Ground-based thermal infrared astronomy – past, present and future

Ground-based thermal infrared astronomy – past, present and future

ESO Garching, March 30 - April 03, 2020

 

Ground-based astronomical observations in the thermal IR wavelength regime (3-30 micron) provide a powerful tool to discover and characterise the most obscured sources in the Universe. Thermal IR instruments serve a broad range of astronomical disciplines from protoplanetary disks, the building blocks of planets, to active galactic nuclei, the surroundings of accreting supermassive black holes. The thermal IR is also the wavelength of choice to characterise exoplanet atmospheric composition and motions, and most sensitive for probing Earth-like exoplanet atmospheres.

While space-based instruments offer the ultimate sensitivity, observations from the ground are unrivalled in terms of spatial and spectral resolution. Thanks to regular upgrades, they are also the preferred testbed for new technologies or exciting experiments such as recently demonstrated with NEAR at the VLT..

These critical science areas push instruments to their limits, demanding sensitivity, stability and contrast which ultimately rely on complete instrument characterisation and calibration. This topic is therefore extremely relevant for all major current astronomical observatories which host thermal-IR cameras, such as VLT/VISIR, VLTI/MATISSE and GranTeCan/CanariCam. Calibration in the thermal IR will be even more important to reach the ambitious science goals of the next generation facilities: characterising earth-like exo-planets is one of the prime science cases of METIS, a first-light instrument for the European Extremely Large Telescope (2025). 

This is no small feat since, in the thermal IR, sources of astrophysical relevance have to stand out against the glaring background from the atmosphere and warm telescope optics at a rate of typically 1 : 10^6. With the more complex, five-mirror design of the ELT, systematic residuals in the subtraction of the thermal background will increase. At the same time, however, more stable detectors are becoming available in the thermal IR and computing power is no longer a limitation for exploring new observing and analysis techniques.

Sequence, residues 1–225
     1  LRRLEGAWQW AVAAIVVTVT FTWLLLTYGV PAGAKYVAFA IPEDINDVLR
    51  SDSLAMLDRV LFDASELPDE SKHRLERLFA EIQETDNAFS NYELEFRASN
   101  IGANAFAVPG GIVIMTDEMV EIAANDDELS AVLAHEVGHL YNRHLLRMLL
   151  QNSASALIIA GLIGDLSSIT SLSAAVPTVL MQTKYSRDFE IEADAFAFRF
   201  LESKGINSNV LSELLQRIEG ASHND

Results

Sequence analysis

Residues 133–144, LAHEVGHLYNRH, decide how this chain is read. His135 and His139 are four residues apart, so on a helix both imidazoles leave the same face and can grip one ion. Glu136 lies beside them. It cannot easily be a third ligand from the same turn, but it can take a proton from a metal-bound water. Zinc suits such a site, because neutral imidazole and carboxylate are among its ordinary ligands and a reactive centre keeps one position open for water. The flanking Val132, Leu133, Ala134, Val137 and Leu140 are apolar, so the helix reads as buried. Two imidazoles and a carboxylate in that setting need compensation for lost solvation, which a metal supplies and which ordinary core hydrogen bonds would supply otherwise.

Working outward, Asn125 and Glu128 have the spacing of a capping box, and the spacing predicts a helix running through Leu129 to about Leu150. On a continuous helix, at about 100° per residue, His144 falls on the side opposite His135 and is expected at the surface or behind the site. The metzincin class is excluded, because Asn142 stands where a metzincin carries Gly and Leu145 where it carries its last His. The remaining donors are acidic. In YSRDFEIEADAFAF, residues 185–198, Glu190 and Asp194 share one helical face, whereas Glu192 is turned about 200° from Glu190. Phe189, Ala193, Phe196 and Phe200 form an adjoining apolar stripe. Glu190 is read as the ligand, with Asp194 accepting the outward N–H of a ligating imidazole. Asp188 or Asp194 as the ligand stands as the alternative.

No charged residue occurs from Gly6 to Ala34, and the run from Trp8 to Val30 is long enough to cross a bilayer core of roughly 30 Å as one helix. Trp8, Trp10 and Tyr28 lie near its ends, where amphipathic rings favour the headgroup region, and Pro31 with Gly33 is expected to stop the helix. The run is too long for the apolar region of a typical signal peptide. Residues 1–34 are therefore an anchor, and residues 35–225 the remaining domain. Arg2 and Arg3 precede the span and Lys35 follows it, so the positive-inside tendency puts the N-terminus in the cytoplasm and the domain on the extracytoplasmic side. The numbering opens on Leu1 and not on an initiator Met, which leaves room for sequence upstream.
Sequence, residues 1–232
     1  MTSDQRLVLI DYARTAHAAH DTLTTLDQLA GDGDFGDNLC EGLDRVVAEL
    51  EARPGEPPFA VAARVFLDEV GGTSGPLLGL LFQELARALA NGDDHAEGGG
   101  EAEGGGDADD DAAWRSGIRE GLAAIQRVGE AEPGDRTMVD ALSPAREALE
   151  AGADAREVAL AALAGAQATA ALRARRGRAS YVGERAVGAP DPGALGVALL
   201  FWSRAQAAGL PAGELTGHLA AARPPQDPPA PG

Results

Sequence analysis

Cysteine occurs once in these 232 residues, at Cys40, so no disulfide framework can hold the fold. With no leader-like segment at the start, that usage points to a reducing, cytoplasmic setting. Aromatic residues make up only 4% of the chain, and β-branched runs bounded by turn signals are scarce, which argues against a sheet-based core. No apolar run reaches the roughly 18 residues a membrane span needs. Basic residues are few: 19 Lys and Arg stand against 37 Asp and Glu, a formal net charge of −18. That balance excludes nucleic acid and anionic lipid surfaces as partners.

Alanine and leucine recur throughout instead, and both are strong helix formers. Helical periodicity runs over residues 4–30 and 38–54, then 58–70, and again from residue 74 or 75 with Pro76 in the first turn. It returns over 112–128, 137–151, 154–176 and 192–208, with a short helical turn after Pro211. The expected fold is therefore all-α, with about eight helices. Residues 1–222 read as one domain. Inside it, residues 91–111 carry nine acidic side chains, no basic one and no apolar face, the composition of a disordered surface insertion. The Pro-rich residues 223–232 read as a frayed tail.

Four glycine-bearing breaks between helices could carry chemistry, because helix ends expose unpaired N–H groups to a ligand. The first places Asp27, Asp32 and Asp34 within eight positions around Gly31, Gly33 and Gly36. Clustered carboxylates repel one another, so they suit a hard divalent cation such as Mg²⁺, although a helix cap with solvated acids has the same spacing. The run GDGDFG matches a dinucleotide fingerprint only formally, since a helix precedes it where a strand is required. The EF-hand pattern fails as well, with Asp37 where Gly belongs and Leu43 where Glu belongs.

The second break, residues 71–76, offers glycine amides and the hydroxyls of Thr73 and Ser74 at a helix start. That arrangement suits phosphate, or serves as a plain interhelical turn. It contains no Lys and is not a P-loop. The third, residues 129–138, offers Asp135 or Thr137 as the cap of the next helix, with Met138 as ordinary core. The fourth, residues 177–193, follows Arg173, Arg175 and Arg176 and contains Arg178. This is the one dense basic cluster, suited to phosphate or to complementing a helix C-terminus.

In this workshop we aim to bring together the experts in the field to review the science highlights from ESO's thermal IR instruments TIMMI, TIMMI2, VISIR, MIDI and MATISSE as well as those at other observatories, such as COMICS, Michelle and T-ReCS. We will review some future facilities, and we will compare techniques and approaches for observations and calibrations, with the aim to reach the theoretical limit, the background-limited performance.

Currently planned sessions are:

  • past, present and future of thermal IR instruments at ESO and other observatories 
  • exoplanets in the thermal IR, VISIR NEAR
  • solar system planets, comets, NEO and distant asteroids
  • star formation: dust, protostellar disks, young stellar objects, low mass stars
  • planet formation, protoplanetary disks
  • dust factories: low/intermediate mass (AGB, PN), high-mass (RSG, LBV, WR, SN), evolved stars (AGB, PN, WR), dusty shells
  • extragalactic star formation, dusty galaxies (LIRG/ULIRG), active galaxies (AGN, QSO), hot galaxy disks
  • technological development, new instruments/detectors, instrumentation (ELT and other ground/space/air-borne facilities)
  • calibration issues, especially flux and spectroscopic standard stars
  • advanced data reduction methods: new strategies for background subtraction, modeling of the thermal stray light, modeling approach in telluric correction
  • preparation for future of the thermal IR astronomy

We also intend to host a 90 min (splinters) + 60 min (plenary) discussion session with the aim to identify the key science drivers for ground-based thermal-IR astronomy and which technology developments these require.

 

Conference email: ir2020@eso.org

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